Modeling Chocolate Tiiiiime!!!

Decorating By bmarlow001 Updated 29 Jun 2010 , 11:38am by Tiffany0481

bmarlow001 Posted 14 Jun 2010 , 7:54pm
post #1 of 20

So I have been decorating for some time now but for some reason I have not ever even tried to use modeling chocolate... My sons 3rd birthday is coming up in July and he wants a dinasour cake so my husband and I are going to have a little cake off! I am in charge of the "scene" and my husband is in charge of the dinasours that are going on the scene so this is going to be a pretty big cake icon_smile.gif I have decided to use modeling chocolate for a lot of my little decorations as well as to cover the dinasours ... I am in desperate need of some tips, advice, examples or anything else you talented decorators have to offer!

I heard that the modeling chocolate would be good to cover my dinasours with because it is much better to smooth out on different shapes such as my little dinasour... is this true or is there soemthing else that I should use?

Here is the picture of the dinasours my husband is going to make.. well the shape of them at least, it will be a little different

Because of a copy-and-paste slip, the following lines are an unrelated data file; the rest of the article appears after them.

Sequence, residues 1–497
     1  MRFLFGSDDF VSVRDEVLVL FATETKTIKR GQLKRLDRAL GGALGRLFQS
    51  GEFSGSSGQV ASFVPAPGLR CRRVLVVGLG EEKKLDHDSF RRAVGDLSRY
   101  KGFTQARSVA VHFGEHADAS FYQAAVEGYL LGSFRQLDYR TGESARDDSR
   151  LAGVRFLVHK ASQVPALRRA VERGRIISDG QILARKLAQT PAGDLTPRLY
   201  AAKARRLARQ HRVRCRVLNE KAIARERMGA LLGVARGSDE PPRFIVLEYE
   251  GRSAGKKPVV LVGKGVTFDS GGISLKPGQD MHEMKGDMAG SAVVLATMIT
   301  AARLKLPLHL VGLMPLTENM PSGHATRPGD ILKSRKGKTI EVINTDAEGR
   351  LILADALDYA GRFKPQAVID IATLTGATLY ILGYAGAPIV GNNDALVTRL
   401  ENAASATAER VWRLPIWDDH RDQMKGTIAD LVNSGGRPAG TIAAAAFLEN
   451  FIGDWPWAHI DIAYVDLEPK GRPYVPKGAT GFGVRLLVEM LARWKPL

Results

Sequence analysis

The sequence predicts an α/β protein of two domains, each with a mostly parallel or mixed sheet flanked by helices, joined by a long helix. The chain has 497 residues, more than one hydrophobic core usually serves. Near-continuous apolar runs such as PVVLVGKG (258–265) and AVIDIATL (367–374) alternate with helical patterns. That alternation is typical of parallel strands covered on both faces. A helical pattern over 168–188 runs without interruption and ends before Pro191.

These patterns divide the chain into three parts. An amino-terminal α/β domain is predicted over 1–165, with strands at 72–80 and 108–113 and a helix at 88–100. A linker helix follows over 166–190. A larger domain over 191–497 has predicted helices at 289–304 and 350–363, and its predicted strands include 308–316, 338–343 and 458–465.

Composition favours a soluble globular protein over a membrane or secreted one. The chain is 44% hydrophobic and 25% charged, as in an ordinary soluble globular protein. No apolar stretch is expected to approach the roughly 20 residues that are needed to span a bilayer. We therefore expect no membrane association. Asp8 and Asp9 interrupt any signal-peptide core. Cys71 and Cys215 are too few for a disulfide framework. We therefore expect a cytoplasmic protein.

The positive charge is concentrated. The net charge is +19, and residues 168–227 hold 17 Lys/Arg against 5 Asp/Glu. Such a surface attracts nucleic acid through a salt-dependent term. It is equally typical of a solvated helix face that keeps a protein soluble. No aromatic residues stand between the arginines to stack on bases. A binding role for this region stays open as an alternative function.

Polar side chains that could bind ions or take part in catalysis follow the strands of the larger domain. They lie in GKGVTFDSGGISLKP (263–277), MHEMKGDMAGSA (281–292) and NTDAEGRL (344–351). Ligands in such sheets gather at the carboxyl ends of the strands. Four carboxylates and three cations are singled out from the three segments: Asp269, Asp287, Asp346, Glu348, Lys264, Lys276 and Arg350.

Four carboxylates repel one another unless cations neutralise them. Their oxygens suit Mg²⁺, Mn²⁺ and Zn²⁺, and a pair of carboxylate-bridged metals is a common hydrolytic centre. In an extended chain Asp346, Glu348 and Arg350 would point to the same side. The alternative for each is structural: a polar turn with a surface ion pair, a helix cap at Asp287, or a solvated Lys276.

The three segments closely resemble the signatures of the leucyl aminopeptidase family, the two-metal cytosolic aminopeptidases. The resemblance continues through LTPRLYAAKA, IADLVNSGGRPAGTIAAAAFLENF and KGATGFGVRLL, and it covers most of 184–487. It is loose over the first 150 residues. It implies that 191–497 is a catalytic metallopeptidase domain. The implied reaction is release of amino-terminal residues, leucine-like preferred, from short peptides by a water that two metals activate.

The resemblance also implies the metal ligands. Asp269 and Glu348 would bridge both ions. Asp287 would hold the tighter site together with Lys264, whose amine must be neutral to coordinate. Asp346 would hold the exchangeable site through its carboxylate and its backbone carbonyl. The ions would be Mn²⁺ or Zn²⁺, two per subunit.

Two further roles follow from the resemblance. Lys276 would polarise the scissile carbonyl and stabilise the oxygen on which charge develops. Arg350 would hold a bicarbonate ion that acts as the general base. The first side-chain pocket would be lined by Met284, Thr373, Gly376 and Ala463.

LL

19 replies
bmarlow001 Posted 14 Jun 2010 , 8:46pm
post #2 of 20

ANYONE????? icon_sad.gif

deMuralist Posted 14 Jun 2010 , 8:55pm
post #3 of 20

the only thing I have done with modeling chocolate is flowers, not tried to cover anything with it. The only thing I had trouble with was warm hands melting the chocolate too fast. So I kept the kitchen and my hands cold. sorry, wish I could have been more help. did you try a search on this site?

ddaigle Posted 14 Jun 2010 , 8:55pm
post #4 of 20

I just started playing with modeling chocolate and I LOVE IT! There is a recipe here for one that I use. It "rests" for 2 hours then ready to use...i think a bag of choco chips & some karo. You can make your seams seamless! It is very quick to make also. Now...I prefer the chocolate modeling chocolate. Have not made white chocolate modeling chocolate and colored it (yet).

Here's the recipe I use:
http://cakecentral.com/recipes/1608/chocolate-clay-modeling-chocolate

bmarlow001 Posted 14 Jun 2010 , 9:14pm
post #5 of 20